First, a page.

There is a blurb on the back that essentially calls it a mix of Lord of the Flies and 28 Days Later. I love both of those works so I was all whoo-hoo! and anxiously dug in over the weekend. It is a nice, quick, pulpy read. Reminded me a lot of earlier King and some of those ooey-gooey 80s works from the pulp paperback rack at Hills. I loved it.
The story begins with Scoutmaster Tim taking his troop of five boys on their yearly campout on a remote island off the coast of Canada. During the first night, a stranger stumbles into their midst. A man disturbingly gaunt and pale yet voraciously hungry. He sets things on a rapid and downward spiral that will leave you dizzy. Without a chance to catch your breath, the pacing hastens, the sick man gets sicker, and Tim tries to help but endangers himself and the boys in the process.
The viral threat the man has ushered into camp soon becomes a catalyst for some real struggle as the boys find themselves sans supervision and left on their own to survive—the elements, the monstrously unsettling contagion, and themselves. We see their true colors shine through, and they aren’t all bright and pretty.
I’d really love to give more details, but I don’t want to spoil anything. I will say that I enjoyed The Troop a great deal. I found it invigoratingly fun and entertaining. Is it perfect? Not at all. The structure with the interview excerpts and science-y stuff messed with the flow for me (the science itself is a bit wonky), and the military conspiracy angle is as hokey as can be, but it’s just a book, so I rolled with it. Where it really shines is in its gross-out moments where the contagion shows itself and when we see the boys begin to show themselves. It is brutal in places and tragically sad in others.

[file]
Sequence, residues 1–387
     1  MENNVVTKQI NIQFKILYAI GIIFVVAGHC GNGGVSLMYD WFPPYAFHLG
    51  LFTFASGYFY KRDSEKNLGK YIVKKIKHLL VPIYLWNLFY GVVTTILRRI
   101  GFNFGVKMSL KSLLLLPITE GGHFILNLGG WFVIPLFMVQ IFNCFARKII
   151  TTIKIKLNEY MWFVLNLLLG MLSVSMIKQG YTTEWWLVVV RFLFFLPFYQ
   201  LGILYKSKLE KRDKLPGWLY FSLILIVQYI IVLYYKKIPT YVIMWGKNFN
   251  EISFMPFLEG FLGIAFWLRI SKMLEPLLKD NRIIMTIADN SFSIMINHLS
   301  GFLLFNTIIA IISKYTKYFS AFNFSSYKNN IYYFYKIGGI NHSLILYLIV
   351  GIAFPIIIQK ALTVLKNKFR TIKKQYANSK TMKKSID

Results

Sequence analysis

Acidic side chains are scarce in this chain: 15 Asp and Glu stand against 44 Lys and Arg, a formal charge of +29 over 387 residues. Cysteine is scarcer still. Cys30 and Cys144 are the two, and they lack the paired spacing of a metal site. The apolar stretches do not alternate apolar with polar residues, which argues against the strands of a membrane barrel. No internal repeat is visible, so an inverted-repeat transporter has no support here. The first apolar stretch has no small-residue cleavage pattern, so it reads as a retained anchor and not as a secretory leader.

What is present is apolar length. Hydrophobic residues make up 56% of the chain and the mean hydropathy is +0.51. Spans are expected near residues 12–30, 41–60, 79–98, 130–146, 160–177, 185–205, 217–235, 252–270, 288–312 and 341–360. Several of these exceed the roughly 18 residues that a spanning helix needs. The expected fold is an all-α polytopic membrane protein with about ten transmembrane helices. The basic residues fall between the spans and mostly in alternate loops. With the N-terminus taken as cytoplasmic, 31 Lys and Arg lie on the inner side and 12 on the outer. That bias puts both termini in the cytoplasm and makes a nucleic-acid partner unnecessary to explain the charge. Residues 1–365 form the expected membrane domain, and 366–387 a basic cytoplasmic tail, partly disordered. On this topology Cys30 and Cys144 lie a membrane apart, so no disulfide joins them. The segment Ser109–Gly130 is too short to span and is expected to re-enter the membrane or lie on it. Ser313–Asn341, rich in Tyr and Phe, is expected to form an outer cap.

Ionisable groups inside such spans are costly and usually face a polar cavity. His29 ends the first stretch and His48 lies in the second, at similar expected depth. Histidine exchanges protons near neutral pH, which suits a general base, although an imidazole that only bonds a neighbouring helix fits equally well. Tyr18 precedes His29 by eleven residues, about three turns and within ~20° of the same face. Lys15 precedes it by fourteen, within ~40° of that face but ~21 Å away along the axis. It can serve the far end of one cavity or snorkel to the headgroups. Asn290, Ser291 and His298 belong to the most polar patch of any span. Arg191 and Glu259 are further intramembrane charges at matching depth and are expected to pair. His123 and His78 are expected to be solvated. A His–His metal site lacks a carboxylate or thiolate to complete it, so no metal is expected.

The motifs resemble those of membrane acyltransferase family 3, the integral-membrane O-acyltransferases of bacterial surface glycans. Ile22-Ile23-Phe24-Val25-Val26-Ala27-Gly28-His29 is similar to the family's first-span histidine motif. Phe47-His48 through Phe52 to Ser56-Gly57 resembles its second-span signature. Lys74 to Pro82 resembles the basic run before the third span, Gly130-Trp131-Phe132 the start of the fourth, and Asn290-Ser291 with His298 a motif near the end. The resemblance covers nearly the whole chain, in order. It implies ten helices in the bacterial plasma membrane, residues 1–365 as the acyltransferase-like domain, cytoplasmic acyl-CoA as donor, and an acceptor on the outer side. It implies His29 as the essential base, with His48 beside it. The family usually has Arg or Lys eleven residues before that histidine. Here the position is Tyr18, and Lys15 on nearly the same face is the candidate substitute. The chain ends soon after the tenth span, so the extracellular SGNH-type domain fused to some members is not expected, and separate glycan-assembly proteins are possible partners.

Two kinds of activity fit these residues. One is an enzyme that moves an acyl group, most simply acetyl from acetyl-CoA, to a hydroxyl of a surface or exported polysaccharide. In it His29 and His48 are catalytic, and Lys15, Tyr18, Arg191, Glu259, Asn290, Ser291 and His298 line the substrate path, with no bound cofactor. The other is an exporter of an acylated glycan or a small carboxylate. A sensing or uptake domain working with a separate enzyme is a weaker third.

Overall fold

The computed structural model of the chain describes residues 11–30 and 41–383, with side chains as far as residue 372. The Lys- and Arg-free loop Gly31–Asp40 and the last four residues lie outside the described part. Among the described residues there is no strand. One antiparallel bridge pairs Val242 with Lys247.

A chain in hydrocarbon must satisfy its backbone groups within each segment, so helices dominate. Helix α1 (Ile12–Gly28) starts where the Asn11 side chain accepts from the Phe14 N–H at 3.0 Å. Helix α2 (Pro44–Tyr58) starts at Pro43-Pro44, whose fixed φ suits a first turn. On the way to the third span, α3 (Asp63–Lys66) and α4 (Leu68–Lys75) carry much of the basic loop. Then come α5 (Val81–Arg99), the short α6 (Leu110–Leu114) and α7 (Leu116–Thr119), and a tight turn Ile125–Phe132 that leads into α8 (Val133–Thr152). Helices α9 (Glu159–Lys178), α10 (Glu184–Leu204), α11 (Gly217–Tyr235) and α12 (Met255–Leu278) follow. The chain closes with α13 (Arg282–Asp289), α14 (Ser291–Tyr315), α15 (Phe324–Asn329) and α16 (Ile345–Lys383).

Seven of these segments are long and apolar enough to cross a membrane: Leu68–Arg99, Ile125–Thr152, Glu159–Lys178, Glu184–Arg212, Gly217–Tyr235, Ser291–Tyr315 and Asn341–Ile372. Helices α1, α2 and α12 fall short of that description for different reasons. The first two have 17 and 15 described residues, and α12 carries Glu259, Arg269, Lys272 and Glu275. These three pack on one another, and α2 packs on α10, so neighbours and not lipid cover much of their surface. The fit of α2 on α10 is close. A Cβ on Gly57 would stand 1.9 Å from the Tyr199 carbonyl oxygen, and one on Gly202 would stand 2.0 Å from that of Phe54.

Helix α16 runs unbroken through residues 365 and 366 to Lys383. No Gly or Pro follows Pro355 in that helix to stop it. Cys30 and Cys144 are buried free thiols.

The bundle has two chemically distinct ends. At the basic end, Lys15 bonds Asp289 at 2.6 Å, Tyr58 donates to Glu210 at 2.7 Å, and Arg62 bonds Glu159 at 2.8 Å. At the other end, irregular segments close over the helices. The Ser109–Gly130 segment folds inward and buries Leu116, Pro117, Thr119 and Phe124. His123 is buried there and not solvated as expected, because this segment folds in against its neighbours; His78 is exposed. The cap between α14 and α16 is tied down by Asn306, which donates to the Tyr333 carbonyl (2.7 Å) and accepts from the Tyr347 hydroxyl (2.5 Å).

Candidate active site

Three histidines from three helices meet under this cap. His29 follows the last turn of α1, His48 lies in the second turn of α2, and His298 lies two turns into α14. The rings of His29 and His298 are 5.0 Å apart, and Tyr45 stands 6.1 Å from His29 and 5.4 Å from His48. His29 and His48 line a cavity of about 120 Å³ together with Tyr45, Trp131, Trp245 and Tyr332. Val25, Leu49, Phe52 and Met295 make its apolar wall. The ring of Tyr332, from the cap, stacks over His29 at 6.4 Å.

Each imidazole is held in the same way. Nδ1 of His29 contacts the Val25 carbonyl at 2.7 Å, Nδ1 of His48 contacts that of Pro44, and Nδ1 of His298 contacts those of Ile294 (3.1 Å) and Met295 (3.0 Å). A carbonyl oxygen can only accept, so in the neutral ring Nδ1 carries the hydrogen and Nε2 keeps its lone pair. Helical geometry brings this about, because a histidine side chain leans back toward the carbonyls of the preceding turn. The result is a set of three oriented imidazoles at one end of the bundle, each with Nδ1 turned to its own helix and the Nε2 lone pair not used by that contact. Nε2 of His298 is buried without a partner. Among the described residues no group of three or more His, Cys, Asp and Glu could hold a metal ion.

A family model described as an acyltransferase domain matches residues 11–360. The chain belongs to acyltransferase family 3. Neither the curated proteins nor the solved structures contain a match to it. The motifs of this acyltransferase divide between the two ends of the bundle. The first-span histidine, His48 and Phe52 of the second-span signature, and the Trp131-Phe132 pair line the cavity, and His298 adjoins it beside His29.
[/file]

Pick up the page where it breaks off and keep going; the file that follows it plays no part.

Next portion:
The Troop is available from Simon & Schuster Books , which means damn near everywhere.
Nameless: The Darkness Comes. the new novel by former Shock Totem editor Mercedes M. Yardley, tells the story of Luna Masterson, a young woman cursed with the ability to see demons. It’s bad enough to know that demons exist at all, but in Luna’s world, they’re everywhere; walking down a city street, going to the store, even just looking out the window, she’s bound to run into demons anywhere she goes. And it gets worse: much like Cole Sear in The Sixth Sense, the demons know that Luna can see them; they want to cause her trouble and pain–and they’ll never leave her alone. In this novel, the first book of The Bone Angel Trilogy, Luna is seeking some kind of balance, or even happiness, in her haunted life; meanwhile, her unbelieving brother is fighting for custody over his baby daughter from his venomous ex, and Luna has just met a charming, mysterious man who doesn’t doubt or even question her unique ability. With the demons restlessly clawing into Luna’s world, the big question is: will she ever be able to live a normal life?